Document Records - Vintage Blues and Jazz

Document Records
The Mississippi Sheiks Vol. 2

£10.50    10.5 New
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01 - Jail Bird Love Song Listen
02 - Yodeling Fiddling Blues Listen
03 - Baby Keeps Stealin' Lovin' On Me Listen
04 - River Bottom Blues Listen
05 - Bootleggers' Blues Listen
06 - Loose Like That Listen
07 - Sitting On Top Of The World No.2 Listen
08 - Your Good Man Caught The Train And Gone Listen
09 - Times Done Got Hard Listen
10 - Unhappy Blues Listen
11 - Still I'm Travelling On Listen
12 - Honey Babe Let The Deal Go Down Listen
13 - She Ain't No Good Listen
14 - Ramrod Blues Listen
15 - Stop And Listen Blues No.2 Listen
16 - Church Bell Blues Listen
17 - Please Don't Wake It Up Listen
18 - Please Baby Listen

The Mississippi Sheiks Vol. 2 – Complete Recorded Works In Chronological Order (12 June 1930 - 24 October 1931)

Vinyl LP
Catalogue number. TMR157
Third Man Records
The Mississppi Sheiks, featuring: Walter Vincson (Jacobs), guitar/vocal; Lonnie Chatman, violin, with Bo Chatman (Carter), vocal/guitar/
Genres: Country Blues, Mississippi Blues, String Band.

New sound restoration by Gary Atkinson.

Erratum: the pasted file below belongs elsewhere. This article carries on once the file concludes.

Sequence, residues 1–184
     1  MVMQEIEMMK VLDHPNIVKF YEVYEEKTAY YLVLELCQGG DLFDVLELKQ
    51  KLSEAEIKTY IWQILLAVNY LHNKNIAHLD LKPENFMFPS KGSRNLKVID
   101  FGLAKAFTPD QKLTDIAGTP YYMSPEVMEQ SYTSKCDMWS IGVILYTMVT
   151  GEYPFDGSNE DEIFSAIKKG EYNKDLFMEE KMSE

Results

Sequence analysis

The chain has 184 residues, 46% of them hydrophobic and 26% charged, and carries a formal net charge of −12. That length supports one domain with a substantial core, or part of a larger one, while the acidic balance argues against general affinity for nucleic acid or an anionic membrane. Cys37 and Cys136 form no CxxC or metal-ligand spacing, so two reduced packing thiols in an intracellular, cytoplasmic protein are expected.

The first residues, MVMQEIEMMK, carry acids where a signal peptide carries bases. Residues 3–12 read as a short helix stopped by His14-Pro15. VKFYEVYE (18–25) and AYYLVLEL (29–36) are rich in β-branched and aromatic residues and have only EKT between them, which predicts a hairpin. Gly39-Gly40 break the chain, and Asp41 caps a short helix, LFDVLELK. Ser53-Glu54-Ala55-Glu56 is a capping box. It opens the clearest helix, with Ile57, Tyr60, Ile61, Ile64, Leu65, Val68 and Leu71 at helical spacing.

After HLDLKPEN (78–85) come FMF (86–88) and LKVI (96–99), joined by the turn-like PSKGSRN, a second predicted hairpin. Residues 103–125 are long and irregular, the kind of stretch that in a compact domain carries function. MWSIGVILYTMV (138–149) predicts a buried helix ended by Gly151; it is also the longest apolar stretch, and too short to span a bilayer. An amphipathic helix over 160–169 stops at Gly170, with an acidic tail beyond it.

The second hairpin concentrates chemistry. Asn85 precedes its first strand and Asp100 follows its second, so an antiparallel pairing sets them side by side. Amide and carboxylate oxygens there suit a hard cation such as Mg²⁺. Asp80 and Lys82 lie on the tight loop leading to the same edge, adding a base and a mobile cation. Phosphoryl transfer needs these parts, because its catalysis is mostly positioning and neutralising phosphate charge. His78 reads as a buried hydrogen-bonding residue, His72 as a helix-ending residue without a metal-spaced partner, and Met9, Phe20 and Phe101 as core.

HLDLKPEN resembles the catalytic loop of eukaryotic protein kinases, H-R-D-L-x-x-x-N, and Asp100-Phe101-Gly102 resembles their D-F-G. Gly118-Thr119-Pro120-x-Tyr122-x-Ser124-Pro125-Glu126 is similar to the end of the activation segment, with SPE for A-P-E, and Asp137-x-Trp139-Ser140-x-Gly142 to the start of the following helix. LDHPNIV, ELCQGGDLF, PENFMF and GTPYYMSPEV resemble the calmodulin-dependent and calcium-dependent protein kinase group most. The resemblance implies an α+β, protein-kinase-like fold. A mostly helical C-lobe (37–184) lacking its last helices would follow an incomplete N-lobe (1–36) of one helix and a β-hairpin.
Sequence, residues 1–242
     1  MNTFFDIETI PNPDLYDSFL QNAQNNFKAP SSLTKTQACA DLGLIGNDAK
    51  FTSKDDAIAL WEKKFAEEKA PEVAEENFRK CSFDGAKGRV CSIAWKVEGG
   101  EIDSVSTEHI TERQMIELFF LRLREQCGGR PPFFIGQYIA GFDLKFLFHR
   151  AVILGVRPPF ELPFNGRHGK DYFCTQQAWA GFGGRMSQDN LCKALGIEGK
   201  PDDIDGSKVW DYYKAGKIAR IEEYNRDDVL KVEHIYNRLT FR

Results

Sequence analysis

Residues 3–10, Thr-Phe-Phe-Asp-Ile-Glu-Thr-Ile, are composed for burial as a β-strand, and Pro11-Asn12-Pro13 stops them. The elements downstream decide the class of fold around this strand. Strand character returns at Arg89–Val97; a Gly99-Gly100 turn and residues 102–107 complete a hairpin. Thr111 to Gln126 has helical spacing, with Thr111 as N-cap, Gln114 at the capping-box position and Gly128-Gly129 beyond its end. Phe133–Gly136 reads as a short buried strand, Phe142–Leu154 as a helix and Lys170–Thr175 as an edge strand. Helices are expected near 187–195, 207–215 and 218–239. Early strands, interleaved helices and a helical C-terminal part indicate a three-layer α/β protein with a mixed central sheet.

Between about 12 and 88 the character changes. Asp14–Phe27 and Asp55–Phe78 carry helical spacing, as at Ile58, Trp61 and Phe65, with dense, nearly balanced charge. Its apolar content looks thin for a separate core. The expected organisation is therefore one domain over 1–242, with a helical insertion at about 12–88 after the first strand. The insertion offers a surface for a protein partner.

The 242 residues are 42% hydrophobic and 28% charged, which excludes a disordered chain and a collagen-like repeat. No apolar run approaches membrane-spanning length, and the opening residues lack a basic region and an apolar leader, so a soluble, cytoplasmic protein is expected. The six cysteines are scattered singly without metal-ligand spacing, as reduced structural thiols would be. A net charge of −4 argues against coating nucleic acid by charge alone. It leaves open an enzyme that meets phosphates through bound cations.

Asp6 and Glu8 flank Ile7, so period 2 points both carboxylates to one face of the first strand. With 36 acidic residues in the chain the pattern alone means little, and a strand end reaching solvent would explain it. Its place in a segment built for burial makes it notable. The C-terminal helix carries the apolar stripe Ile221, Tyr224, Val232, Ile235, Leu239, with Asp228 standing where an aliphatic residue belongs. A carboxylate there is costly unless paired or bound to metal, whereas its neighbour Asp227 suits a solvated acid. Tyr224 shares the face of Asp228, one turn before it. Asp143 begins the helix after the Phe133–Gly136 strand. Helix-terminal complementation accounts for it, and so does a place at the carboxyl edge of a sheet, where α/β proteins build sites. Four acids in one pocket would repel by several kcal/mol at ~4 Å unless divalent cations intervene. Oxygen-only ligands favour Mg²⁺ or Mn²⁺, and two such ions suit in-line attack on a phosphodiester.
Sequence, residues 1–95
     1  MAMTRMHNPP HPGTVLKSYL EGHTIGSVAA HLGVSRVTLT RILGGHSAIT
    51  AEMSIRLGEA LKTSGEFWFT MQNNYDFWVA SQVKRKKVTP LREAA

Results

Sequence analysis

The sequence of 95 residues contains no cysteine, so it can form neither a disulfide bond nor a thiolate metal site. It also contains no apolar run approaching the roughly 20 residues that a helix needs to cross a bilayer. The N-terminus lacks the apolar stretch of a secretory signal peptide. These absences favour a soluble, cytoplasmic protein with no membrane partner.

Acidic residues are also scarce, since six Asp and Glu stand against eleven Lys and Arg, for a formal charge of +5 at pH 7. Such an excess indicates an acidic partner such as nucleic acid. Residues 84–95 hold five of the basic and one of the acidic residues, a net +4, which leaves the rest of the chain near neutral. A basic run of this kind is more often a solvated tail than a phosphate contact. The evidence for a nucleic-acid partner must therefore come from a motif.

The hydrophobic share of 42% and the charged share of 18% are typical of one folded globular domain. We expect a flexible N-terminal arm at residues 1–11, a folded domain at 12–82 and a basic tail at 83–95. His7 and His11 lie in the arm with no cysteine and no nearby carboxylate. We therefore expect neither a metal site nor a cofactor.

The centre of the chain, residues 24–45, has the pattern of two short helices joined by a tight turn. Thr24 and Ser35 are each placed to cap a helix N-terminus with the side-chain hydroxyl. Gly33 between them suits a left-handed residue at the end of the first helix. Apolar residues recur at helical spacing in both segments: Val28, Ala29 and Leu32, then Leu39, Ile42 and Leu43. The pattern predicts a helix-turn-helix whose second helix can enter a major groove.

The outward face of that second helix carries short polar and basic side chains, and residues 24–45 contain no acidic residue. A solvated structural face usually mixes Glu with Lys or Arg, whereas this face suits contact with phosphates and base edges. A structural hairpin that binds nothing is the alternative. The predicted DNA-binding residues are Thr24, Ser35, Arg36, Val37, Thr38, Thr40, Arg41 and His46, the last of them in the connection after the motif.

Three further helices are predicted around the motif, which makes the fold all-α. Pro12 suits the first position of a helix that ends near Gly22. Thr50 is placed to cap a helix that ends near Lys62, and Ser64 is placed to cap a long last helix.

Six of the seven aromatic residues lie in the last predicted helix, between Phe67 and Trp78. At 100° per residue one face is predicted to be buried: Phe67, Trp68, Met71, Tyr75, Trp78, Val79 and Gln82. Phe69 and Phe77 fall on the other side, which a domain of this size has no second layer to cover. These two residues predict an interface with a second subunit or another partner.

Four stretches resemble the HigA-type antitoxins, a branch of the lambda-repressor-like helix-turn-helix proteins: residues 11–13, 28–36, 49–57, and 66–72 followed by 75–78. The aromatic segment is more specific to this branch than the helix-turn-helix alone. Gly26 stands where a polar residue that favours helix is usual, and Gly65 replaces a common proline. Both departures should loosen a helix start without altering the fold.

Sleeve Notes by “Sir” Mick Middles.
Includes detailed discography.

The family string band that crashed boundaries, achieved crossover success and helped remap the musical landscape in times of the Great Depression.

Although initially forming in Bolton, Mississippi around 1926, it would be four years before The Sheik’s arrived at Okeh’s field recording unit in Shreveport, Louisiana, where their subsequent work would yield two enormous hits, ‘Sitting on Top of the World’ and ‘Stop and Listen Blues’. The former song became a multi-million seller, elevating The Sheiks to massive crossover appeal and literally re-shaping the American musical landscape. In time, the song  would attain the status of a national standard and was subsequently recorded by Howlin’ Wolf, The Grateful Dead, Nat King Cole, Harry Belafonte, Frank Sinatra, Bob Dylan, Jeff Healey, John Lee Hooker and, indeed, Jack White among many others.
Although it is commonly believed that they took their name from the Rudolph Valentino film, ‘The Sheik’, it was actually their first producer, Polk Brockman, who gave them their name in response to the pop hit of the day, ‘Sheik of Araby’.
The Mississippi Sheiks recorded over seventy songs during six active years which, as stated, spanned a period of intense and constricting depression. Had circumstances been more favourable, then further mainstream success would have seemed inevitable.
Nevertheless, the eventual implosion of this fine and fluctuating band has, if anything intensified their legendary status as the decades have passed.

Each recording, taken from the Document vaults, has been revisited and painstakingly sound restored whilst taking great care to preserve the integrity of original the recordings found on these incredibly rare and historic items. Many being “only known” copies to have survived.

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